Welcome to Beverage Basics: Wine
Thank you for participating in the Beverage Basics: Wine training module.
'Wine' is an incredibly broad topic, as immersive wine knowledge reaches across the disciplines of world history, politics, geology, ecology, chemistry and many others. Those who reach the pinnacle of the profession, master sommeliers, will have spent up to several hundreds of thousands of hours studying-and they will be the first to admit that they can always learn more! This course is designed to ensure that Two Roads Event Designers have the basic wine knowledge to understand the difference between the most common wines that your clients will ask for. If the subject interests you, you are encouraged to continue seeking out knowledge on your own, and some resources to do so will be provided at the end of this training module. Increasing your wine knowledge can only help to further your career in hospitality!
This training module has 3 sections--one for red and white wine, and one for sparkling wine. Each section covers some of the most common varietals of wine, and is then followed by 1 or 2 short quizzes on the knowledge that was presented. Completing these quizzes completes the training module.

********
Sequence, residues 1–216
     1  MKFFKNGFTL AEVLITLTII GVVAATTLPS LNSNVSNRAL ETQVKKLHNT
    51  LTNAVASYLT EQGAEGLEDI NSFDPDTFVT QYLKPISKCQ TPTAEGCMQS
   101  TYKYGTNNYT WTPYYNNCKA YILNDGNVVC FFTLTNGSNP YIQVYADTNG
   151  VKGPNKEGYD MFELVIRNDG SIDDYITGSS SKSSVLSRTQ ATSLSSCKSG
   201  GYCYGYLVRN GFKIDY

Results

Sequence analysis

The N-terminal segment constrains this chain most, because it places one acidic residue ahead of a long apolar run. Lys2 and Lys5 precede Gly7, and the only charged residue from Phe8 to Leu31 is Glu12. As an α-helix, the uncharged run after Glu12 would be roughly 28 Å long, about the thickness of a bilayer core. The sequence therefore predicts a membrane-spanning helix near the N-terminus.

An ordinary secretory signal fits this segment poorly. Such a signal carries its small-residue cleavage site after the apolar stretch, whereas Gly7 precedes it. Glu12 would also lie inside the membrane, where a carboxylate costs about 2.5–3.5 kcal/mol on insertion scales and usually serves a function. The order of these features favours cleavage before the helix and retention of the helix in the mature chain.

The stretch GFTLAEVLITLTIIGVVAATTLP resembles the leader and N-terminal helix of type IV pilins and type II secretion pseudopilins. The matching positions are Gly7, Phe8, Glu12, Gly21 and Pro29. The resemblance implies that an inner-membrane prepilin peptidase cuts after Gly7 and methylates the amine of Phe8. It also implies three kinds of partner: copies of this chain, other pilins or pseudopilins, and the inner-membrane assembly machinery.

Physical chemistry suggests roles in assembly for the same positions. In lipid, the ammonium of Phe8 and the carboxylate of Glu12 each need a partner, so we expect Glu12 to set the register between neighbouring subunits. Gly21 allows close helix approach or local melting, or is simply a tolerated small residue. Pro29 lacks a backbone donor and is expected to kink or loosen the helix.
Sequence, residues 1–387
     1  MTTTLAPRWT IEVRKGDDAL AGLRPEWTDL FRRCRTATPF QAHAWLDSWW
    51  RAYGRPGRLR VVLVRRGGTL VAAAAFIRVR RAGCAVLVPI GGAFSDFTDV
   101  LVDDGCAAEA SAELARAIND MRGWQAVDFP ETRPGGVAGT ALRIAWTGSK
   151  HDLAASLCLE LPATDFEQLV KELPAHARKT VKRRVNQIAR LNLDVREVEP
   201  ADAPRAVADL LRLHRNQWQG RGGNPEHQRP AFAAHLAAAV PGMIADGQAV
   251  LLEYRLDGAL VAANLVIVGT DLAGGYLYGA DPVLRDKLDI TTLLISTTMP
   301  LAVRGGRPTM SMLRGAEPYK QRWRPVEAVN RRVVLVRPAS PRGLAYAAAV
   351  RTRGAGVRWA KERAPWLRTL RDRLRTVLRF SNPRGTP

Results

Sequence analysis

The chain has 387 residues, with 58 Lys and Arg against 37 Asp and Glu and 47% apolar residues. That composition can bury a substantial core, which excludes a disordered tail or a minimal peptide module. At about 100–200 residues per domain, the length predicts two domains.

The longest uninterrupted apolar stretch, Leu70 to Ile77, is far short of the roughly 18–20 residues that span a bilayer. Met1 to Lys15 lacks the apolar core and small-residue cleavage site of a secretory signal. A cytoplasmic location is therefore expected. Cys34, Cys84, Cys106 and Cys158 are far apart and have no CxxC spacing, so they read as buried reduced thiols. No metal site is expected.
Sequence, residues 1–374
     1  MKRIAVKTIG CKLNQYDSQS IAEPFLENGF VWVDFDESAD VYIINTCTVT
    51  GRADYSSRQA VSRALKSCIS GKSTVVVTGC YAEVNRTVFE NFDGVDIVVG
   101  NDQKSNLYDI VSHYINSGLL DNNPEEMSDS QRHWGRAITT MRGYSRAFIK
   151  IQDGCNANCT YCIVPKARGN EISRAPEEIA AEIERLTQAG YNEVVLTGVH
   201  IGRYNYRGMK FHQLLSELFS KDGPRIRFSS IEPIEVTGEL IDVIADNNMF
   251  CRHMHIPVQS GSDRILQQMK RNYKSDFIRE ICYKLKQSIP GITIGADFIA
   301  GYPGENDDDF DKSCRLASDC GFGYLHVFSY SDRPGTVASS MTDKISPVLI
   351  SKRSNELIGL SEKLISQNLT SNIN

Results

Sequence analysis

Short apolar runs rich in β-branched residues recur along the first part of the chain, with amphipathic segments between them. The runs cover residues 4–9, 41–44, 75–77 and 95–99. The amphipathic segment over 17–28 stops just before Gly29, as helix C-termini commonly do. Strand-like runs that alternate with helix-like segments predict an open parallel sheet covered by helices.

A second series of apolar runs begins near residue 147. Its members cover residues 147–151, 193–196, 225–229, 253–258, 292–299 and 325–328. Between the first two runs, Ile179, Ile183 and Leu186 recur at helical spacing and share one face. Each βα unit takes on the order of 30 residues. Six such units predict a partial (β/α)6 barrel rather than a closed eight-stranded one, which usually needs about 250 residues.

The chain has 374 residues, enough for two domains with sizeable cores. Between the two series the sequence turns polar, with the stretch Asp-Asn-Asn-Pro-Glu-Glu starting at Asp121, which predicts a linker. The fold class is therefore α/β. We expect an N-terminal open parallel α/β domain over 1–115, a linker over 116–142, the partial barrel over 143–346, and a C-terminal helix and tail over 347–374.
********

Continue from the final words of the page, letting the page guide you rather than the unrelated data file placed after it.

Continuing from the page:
If you would like to learn more, there is an appendix with further resources.
Before you begin the training module, it is important to cover some basic terminology that will be used repeatedly throughout this course. Press "Next" to advance to a list of commonly used terms.
Commonly Used Terms
Wine: An alcoholic beverage made from fermented grape juice
Fermentation: The chemical process of converting sugar into alcohol
Varietal: The type of grape used to make the wine
Vintage: The year the grapes were harvested
Producer: The winemaker or estate that makes the wine
Appellation: A specific geographical area that grapes come from (such as Napa in California)
Terroir: A tasting term for a wine that reflects the geographical characteristics of where its grapes were grown
Body: A tasting term that describes the weight and feel of a wine. Ranges from light bodied to medium bodied to full bodied.
Big: A full bodied wine with lots of ripe fruit tasting notes; typically high in alcohol